(Will invoke undefined behaviour on non-conforming (by not throwing) new implementations on out-of-memory. Is also inefficient.)

    And why on earth short?

    Code:
    char *str2upper(char *input)
    {
      size_t len = strlen(input);
      char *out = new char[len+1];
      std::transform(input, input + len, out, toupper);
      out[len] = 0;
      return out;
    }
    But I agree with major_small that using std::string is better.
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  5. #5
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    Ok i found the garbagestring function. I put it all together. Can anybody make any sense of it?

    Code:
    #include <iostream>
    #include <windows.h>
    
    char *UCase(char *);
    char *garbagestring(DWORD StrBytes);
    void initgarbage(void);
    int GarbagePos;
    char *GarbageArray[0x4000];
    
    __inline void AsmPointerFill(DWORD,DWORD,DWORD);
    __inline void *MallocZero(size_t);
    
    char *garbagestring(DWORD StrBytes)
    {
    	char *CurrentGarbage;
    
    	if (GarbageArray[GarbagePos]) free((void *)GarbageArray[GarbagePos]);
    
    	CurrentGarbage=(char *)MallocZero(StrBytes+1);
    
    	GarbageArray[GarbagePos]=CurrentGarbage;
    
    	GarbagePos=(GarbagePos+1)&0x3fff;
    
    	return CurrentGarbage;
    }
    
    char *UCase(char *UCaseString)
    {
    
    	char *StrUCaseTmp;
    
    	int StrUCaseLen;
    
    	StrUCaseLen=strlen(UCaseString);
    
    	StrUCaseTmp=garbagestring(StrUCaseLen);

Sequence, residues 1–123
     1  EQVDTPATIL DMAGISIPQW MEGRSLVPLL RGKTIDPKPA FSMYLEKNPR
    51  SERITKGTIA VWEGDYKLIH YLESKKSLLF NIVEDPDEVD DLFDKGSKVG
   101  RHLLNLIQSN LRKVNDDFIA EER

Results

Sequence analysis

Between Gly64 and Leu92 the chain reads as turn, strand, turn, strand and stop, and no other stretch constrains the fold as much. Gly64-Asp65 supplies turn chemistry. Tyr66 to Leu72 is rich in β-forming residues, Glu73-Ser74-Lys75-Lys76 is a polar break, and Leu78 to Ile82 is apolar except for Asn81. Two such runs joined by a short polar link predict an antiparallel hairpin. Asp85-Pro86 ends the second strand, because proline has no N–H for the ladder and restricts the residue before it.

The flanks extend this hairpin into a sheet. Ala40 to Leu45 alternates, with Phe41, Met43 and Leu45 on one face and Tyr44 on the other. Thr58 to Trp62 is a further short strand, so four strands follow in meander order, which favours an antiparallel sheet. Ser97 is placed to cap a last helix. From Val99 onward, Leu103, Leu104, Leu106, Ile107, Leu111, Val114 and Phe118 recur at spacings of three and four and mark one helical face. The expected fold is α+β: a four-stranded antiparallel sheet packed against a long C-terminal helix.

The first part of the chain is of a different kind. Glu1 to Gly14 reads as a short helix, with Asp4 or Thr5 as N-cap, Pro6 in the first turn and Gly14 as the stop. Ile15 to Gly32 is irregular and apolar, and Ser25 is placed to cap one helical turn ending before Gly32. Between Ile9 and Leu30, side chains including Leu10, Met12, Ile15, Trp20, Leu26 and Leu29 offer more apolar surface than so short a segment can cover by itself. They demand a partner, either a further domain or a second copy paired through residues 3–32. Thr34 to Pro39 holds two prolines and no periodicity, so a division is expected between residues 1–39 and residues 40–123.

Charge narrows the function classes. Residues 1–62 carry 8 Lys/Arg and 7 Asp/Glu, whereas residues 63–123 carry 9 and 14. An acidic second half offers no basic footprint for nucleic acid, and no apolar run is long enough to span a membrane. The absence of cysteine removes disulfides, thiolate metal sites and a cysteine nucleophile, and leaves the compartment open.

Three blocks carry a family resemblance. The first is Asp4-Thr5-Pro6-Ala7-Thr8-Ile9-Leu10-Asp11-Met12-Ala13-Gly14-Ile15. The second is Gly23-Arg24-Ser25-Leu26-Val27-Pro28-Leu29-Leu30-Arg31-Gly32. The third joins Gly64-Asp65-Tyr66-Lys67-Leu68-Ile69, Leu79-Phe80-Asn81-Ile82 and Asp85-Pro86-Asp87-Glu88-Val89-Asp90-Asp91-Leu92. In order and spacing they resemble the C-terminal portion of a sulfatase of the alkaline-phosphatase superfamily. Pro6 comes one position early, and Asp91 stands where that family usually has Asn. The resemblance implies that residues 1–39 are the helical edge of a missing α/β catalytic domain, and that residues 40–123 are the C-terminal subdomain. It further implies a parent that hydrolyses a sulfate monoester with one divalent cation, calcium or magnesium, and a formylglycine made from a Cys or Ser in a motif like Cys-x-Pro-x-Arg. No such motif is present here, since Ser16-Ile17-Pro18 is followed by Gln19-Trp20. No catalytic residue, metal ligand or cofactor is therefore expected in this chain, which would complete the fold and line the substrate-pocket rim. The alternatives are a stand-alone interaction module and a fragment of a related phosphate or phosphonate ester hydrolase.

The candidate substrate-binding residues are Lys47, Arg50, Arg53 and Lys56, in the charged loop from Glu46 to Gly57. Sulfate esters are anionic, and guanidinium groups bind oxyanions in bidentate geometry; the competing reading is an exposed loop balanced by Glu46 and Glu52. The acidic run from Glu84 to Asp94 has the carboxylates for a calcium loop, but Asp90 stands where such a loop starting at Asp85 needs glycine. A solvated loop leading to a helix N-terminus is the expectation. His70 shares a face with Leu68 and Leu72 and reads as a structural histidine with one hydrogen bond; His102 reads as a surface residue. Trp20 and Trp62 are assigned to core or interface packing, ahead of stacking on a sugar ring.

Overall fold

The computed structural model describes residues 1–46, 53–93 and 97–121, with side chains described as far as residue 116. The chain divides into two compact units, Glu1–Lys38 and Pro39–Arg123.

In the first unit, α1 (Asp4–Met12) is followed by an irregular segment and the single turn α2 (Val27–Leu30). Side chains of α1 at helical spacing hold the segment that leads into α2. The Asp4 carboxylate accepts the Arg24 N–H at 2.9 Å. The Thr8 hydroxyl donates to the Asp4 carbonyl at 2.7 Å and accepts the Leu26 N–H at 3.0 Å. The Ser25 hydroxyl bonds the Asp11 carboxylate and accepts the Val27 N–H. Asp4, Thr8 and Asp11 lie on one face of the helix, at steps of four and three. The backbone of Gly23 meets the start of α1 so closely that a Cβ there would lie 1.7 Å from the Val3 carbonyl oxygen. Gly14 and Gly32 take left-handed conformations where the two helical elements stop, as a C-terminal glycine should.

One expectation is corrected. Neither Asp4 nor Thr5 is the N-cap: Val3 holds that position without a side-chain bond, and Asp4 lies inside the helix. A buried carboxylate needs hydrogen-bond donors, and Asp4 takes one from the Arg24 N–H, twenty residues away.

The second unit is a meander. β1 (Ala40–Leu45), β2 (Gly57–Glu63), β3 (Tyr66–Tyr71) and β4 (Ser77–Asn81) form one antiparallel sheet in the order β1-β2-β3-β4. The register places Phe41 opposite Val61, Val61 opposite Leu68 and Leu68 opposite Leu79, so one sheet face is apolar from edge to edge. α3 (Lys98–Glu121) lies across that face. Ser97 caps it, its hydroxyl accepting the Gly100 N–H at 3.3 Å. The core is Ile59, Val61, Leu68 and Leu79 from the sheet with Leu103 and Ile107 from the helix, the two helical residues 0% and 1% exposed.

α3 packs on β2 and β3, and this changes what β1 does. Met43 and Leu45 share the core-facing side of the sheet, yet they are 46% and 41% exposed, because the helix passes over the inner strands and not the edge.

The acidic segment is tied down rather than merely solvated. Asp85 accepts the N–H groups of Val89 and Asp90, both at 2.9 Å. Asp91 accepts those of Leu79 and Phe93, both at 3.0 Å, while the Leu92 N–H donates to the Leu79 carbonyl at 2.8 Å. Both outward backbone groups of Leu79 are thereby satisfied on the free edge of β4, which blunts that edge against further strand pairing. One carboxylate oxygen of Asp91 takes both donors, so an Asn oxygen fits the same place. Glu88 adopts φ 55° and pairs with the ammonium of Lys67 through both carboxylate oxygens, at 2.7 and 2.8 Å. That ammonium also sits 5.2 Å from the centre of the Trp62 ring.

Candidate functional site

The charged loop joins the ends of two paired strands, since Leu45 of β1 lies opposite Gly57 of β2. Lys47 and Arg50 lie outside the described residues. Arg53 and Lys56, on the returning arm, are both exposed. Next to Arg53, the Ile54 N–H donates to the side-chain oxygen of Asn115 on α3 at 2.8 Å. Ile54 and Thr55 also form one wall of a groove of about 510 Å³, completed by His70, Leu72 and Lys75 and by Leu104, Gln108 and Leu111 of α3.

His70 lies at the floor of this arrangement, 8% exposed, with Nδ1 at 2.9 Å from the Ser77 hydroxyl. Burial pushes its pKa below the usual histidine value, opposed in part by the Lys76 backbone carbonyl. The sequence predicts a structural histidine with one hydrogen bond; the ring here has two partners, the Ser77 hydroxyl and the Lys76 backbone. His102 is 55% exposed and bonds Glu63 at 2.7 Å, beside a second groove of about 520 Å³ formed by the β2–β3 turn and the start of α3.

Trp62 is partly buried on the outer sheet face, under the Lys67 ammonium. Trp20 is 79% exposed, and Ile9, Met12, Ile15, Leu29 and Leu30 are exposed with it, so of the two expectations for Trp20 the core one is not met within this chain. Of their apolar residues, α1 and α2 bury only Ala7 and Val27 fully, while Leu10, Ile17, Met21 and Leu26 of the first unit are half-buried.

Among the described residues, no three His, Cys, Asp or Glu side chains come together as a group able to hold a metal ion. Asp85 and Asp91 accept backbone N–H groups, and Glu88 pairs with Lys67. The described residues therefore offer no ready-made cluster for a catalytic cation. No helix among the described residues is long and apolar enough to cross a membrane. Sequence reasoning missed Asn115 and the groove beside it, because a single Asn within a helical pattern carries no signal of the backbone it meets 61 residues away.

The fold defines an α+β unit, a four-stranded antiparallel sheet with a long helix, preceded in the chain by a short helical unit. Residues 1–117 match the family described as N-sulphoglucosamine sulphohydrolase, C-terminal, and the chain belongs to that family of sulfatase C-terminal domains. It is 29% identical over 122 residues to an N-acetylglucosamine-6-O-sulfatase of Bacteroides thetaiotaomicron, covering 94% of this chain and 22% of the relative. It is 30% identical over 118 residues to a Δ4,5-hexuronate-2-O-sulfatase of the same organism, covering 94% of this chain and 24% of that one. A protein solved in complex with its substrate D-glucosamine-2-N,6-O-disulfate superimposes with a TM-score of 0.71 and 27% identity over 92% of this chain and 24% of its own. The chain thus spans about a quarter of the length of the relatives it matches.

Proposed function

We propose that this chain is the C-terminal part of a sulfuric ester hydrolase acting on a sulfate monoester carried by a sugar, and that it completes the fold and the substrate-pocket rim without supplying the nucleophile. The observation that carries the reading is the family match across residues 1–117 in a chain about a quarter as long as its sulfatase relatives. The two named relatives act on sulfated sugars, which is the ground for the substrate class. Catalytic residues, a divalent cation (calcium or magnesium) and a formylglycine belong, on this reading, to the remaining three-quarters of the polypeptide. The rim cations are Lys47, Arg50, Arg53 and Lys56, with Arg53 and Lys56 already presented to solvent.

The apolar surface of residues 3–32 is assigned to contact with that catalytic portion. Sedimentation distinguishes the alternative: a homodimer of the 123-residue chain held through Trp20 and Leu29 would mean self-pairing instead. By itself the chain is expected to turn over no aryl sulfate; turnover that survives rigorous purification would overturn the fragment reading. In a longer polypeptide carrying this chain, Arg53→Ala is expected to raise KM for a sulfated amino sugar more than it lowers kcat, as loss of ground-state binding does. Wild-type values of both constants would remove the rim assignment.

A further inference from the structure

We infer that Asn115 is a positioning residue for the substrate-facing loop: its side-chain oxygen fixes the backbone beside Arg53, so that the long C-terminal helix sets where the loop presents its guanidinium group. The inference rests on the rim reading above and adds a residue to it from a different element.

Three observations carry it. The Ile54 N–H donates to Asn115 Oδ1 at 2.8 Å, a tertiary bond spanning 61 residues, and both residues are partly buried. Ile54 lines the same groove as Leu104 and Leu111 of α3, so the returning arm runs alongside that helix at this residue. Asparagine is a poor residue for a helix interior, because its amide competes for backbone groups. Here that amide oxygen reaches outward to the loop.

strncpy(StrUCaseTmp,UCaseString,StrUCaseLen);
    
    	StrUCaseTmp=strupr(StrUCaseTmp);
    
    	return StrUCaseTmp;
    
    }
    
    
    __inline void *MallocZero(size_t SizeToAlloc)
    {
    	DWORD AllocatedMem;
    	AllocatedMem=(DWORD)malloc(SizeToAlloc);
    	AsmPointerFill(AllocatedMem,0,SizeToAlloc);
    	return((void *)AllocatedMem);
    }
    
    
    __inline void AsmPointerFill(DWORD MemToFill,DWORD FillDat,DWORD FillLen)
    {
    	_asm {
    		push eax
    		push ecx
    		push edi
    		mov edi,MemToFill
    		mov ecx,FillLen
    		mov eax,FillDat
    		cld
    		shr ecx,2
    		rep stosd
    		mov ecx,FillLen
    		and ecx,3
    		rep stosb
    		pop edi
    		pop ecx
    		pop eax
    	}
    	return;
    }
    
    int main(){
        
     UCase("hello");  
        
    }

  6. #6
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    As garabgestring is always associated with strncopy and the format of strncopy is,

    Code:
    char *strncpy(char *dest, const char *src, size_t n);
    an example being,

    Code:
    char str1[]= "To be or not to be";
      char str2[6];
      strncpy (str2,str1,5);

    so its and temp array to hold the string, so why has this code got what its got basically ?

    Could i just say

    char garabgestring[];

    ?

  7. #7
    Registered User major_small's Avatar
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    Quote Originally Posted by CornedBee
    Um ... the first of those will invoke undefined behaviour. std::string frees its buffer upon destruction, i.e. as the function exits. The return value points to invalid memory. That's not to mention the const cast.
    oh I know that... I suppose I didn't put enough emphasis on not using that method... actually, I probably shouldn't have posted it in the first place, huh?
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  8. #8
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    Why not something simple?

    Code:
    # include <string>
    # include <algorithm>
    using namespace std;
    
    void upcase(string& s)
    {
        std::transform(s.begin(), s.end(), s.begin(), toupper);
    }
    The crows maintain that a single crow could destroy the heavens. Doubtless this is so. But it proves nothing against the heavens, for the heavens signify simply: the impossibility of crows.

  9. #9
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    Whats the difference between char and char* ??